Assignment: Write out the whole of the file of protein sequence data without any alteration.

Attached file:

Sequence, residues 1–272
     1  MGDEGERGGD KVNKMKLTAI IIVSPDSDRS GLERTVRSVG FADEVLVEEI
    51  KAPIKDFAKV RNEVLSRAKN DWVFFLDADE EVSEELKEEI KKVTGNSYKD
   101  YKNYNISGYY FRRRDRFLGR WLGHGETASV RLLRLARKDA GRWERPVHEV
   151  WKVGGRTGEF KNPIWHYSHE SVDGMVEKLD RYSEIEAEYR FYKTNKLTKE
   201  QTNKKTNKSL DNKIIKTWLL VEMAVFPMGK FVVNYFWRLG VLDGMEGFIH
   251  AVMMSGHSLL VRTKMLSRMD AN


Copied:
Sequence, residues 1–272
     1  MGDEGERGGD KVNKMKLTAI IIVSPDSDRS GLERTVRSVG FADEVLVEEI
    51  KAPIKDFAKV RNEVLSRAKN DWVFFLDADE EVSEELKEEI KKVTGNSYKD
   101  YKNYNISGYY FRRRDRFLGR WLGHGETASV RLLRLARKDA GRWERPVHEV
   151  WKVGGRTGEF KNPIWHYSHE SVDGMVEKLD RYSEIEAEYR FYKTNKLTKE
   201  QTNKKTNKSL DNKIIKTWLL VEMAVFPMGK FVVNYFWRLG VLDGMEGFIH
   251  AVMMSGHSLL VRTKMLSRMD AN